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'My life savings have been wiped out': Pilots concerned that Covid restrictions could see licences elapse

Many pilots have been laid off due to a lack of international travel during the pandemic.

COMMERCIAL AIRLINE PILOTS have expressed concern that their inability to fly as a result of the Covid-19 pandemic means their licences may become invalid, requiring them to retrain at a cost of thousands of Euro.

Speaking to The Journal, two former Stobart Air workers highlighted how the pandemic has left them in financial straits after the collapse of the regional flyer earlier this month.

The airline was just one of those that has been badly hit as a result of the pandemic’s effect on international travel, and terminated its contract with Aer Lingus earlier this month, leaving 480 staff out of work.

Earlier this week, representatives of Aer Lingus told an Oireachtas Committee that the company was losing €1 million a day because of Covid-19 restrictions.

One former Stobart pilot, who wished to remain anonymous, explained that he hasn’t flown since 28 March, 2020.

He explained that he was receiving the Pandemic Unemployment Payment (PUP) and that, despite taking a break from repaying loans, is now doing so again using his savings.

“My savings were wiped out over the last 15 months,” he said. “And my partner, she’s also in aviation. So the two of us have kind of taken a double hit with this.”

The pilot described how the couple have received financial aid “to the tune of several thousand” from family members.

He also said his main concern is a return to flying, with pilots having a requirement to fly every 90 days in order to remain current.

In order to keep their licences valid, pilots must complete three take-offs and landings within 90 days. If they fail to do this, their licence becomes temporarily invalid until they complete training in a flight simulation and retrain in the airplane under a training captain.

The pilot expressed further concern that pilots may have to spend money to be retrained, which he estimates could cost several thousand euros, while a medical examination is also required 12 months.

“I don’t know will allowances be made because of the pandemic, and people are aware that maybe pilots haven’t flown as much as they normally would?” he said.

“When it does come time to apply for jobs, I’ll have to figure out a way to get myself current again.”

This pilot has recently gotten a job in administration with an airline, but still is not flying for the foreseeable future.

Another ex-Stobart pilot, who also wished to remain anonymous, completed the three take-offs and landings within 90 days since June 2020 in order to prevent his licence from elapsing.

His licence was renewed in January this year, so when the airline terminated its contract with Aer Lingus, he said it “came as a complete shock”.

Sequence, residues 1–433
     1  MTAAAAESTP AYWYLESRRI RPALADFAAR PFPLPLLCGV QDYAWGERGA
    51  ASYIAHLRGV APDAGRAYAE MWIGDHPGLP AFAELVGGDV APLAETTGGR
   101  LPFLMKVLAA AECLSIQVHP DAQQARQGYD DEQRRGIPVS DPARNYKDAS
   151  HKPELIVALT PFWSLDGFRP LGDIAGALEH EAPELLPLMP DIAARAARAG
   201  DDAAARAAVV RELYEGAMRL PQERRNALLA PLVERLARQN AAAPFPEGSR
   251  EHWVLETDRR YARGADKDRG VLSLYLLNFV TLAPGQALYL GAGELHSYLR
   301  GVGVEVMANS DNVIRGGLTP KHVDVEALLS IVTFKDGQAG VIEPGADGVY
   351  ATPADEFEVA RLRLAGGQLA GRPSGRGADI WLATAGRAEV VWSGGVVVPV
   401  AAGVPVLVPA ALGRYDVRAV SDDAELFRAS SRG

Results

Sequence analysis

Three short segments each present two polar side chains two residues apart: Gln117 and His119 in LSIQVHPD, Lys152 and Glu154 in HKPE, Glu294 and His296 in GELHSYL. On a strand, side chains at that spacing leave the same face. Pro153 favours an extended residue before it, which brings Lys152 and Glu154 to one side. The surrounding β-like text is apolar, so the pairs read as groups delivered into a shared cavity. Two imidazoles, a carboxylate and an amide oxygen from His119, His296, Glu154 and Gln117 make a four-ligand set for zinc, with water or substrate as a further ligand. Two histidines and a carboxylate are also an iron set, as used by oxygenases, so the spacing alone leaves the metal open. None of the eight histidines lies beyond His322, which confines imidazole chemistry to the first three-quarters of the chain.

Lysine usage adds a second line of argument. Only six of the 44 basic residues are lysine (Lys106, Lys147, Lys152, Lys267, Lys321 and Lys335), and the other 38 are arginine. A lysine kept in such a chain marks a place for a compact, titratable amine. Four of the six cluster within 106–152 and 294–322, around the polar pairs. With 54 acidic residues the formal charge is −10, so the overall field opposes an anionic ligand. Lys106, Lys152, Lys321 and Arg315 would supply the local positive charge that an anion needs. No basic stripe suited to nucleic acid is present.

“We were all expecting to go back to work,” the pilot said.

“Being a pilot, it’s a well-paid job and a well-paid job comes expensive with bills as well.”

He explained that his partner was in the process of building a house before the pandemic hit, but that the bank declined their mortgage once he became unemployed.

The couple and their two children were living with the pilot’s parents while their house was being built, and as a result, are now still doing so.

More supports vs easing restrictions

The Government has recently been called on by members of the Opposition to do more to help pilots in need.

Sinn Féin TD Claire Kerrane recently asked for the Short-Term Work Support supplementary payment, which assists those whose hours have been temporarily reduced to three days or less a week, to be extended. 

Many pilots are in receipt of this payment but are set to become ineligible for it because an employee can only receive it for a maximum of 234 days.

Alan Brereton, Vice President of the Irish Air Line Pilots Association (IALPA), said that pilots working for Aer Lingus had seen a 70% reduction in earnings across the year. 

Many of these are in receipt of the STWS. Brereton estimates that the issue affects hundreds of pilots.

“I have a lot of friends and colleagues in Stobart who are waking up with Jobseeker’s Allowance and no prospect on the horizon of a job in aviation,” said Brereton.

He also said one member of IALPA has been forced to sell his house due to financial strain.

A spokesperson for the Department of Transport said that the government is conscious of the need to support the Irish aviation industry as a result of the pandemic.

The department said it has given €300 million to the industry so far this year and expects this to rise to half a billion Euro by the end of next year.

A statement added that the return of aviation will be linked to the rollout of Covid-19 vaccinations across the world, the evolution of the virus and variants, the ongoing need for testing related to travel, and a “more general economic outlook”. 

Earlier this week, union representatives convened to discuss the impact of Covid-19 on international travel.

At the committee, IALPA president Evan Cullen claimed that one major airline had “effectively” laid off half of its staff and reduced the pay of the other half, and that another regional flyer had made all of its Dublin staff redundant.

“This is absolutely an emergency,” he said. “We believe things are almost at the point of no return and in the new year, when this economy needs an airline industry to restart its connectivity and its economy, there will not be one to bring back.”

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